In the midst of an intense election week in the US, daily Coronavirus cases in the country hit a new record with 123,085 cases between Wednesday, and Thursday. While the US remains in the top place compared to other countries in terms of most infection cases and deaths, a team of scientists found something unique.
In metropolitan Houston, the first case of COVID-19 was reported on March 5 and after a week, the virus started to spread within the community. Later a study said that the strain of the SARS-CoV-2 containing a particular mutation—G614—caused 71 percent of the cases in the Huston in the early phase of the outbreak.
Now, the same team of researchers found that by summer, when the US noticed the second wave of Coronavirus and Donald Trump's virus disappearance claim failed, the variant accounted for 99.9 percent of all infections in the area.
The Coronavirus Spread
The SARS-CoV-2 mutation which has spread across the world results in the substitution of one amino acid--are assembled in a particular sequence depending on the virus's genetic blueprint--for another at a particular position in the spike protein of the virus. The mutation replaced an amino acid—aspartate—with another one in the spikes that allow the pathogen to break into its host cells, while the substitution appears to make an easy path for the virus to invade.
In the previous study, scientists explained that viruses containing this mutation are more infectious in the cell culture growing in the controlled environment, such as labs. But in the new study, published in the journal mBio, the team of experts from the Houston Methodist Hospital in Texas said that they found evidence to indicate that people with this variant had more particles of the virus inside their upper respiratory tracts than those with other variants. The team also noted that despite the extra "viral load," their illness appeared to be less severe.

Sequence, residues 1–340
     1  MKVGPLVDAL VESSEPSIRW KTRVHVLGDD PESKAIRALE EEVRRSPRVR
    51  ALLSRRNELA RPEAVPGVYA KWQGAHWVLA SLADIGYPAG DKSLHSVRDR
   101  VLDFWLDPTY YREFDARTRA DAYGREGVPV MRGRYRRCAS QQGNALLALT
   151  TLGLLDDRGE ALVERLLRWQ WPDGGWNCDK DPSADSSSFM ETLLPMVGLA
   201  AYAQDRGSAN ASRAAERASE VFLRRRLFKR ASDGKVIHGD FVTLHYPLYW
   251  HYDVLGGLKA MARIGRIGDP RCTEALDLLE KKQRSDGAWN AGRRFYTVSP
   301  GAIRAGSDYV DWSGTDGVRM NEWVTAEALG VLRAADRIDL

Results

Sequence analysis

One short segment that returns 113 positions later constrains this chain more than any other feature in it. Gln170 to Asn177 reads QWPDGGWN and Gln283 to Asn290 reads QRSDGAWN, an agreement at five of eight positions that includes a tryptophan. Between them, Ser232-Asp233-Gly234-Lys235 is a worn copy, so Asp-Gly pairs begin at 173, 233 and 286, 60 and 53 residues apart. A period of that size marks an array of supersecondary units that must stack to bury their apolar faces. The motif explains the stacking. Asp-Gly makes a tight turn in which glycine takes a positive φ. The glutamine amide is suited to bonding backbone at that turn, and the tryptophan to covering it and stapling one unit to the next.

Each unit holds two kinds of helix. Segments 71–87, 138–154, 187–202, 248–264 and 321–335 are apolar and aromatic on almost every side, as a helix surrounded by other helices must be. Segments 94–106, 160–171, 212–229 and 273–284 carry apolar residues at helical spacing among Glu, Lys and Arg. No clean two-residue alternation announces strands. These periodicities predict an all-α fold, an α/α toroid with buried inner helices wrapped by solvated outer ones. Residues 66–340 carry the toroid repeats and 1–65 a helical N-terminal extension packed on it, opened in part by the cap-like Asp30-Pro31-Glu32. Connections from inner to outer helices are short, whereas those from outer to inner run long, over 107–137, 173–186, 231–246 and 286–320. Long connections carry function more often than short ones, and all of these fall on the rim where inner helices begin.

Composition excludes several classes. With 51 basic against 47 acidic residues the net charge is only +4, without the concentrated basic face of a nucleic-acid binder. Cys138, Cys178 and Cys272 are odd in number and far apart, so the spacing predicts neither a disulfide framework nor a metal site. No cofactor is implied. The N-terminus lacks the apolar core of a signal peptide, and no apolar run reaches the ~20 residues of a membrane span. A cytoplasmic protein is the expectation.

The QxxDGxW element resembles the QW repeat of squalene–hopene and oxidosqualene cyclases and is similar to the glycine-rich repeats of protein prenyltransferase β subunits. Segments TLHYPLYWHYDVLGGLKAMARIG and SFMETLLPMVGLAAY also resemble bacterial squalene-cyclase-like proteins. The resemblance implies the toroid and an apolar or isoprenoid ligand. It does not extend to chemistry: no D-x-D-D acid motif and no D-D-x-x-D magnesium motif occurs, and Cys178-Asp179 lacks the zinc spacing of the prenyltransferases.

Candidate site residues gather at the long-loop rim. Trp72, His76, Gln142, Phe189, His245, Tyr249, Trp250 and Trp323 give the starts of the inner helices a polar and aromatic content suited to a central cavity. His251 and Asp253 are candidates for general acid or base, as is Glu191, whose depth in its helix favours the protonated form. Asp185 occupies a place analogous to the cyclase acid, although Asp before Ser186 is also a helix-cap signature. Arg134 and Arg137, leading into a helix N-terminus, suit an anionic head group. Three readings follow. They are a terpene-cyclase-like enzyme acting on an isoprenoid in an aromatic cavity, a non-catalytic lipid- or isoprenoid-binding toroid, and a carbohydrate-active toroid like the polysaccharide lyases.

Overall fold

As per another analysis of over 25,000 viral sequences in the UK, the researchers said that the viruses with this particular mutation transmitted slightly faster and caused larger infection clusters. However, the latest study sequenced the genomes of the 5,085 SARS-Cov-2 strains from the two waves in Huston, Texas.
The team found that at the time of diagnosis, those patients with the G614 variant had more virus particles in their throats and noses—which is a possible result of its increased infectivity. However, there is no evidence to support that as a result, the patients experienced a more severe symptoms of the disease.
They also identified 285 other mutations that cause a change in the amino acid sequence of the virus's spike protein. The Houston Methodist Hospital researchers in collaboration with experts from the University of Texas at Austin and the University of Chicago, IL found that one of the mutations probably has allowed the spike to evade a neutralizing antibody. But it is not clear whether the mutation also increased the infectivity of the virus.
As per study co-author Ilya J. Finkelstein, a molecular biologist at the University of Texas, "The virus continues to mutate as it rips through the world. Real-time surveillance efforts like our study will ensure that global vaccines and therapeutics are always one step ahead."
The genetic analysis showed that the virus made its way to Texas' Huston area many times and from all parts of the world—including the strains from Asia, South Africa, Europe, and other parts of the US. The study authors stated that the new findings will help the researchers to understand the origin, composition, and trajectory of future infection waves. It will also be helpful to find out the "potential effect of the host immune response and therapeutic maneuvers on SARS-CoV-2 evolution."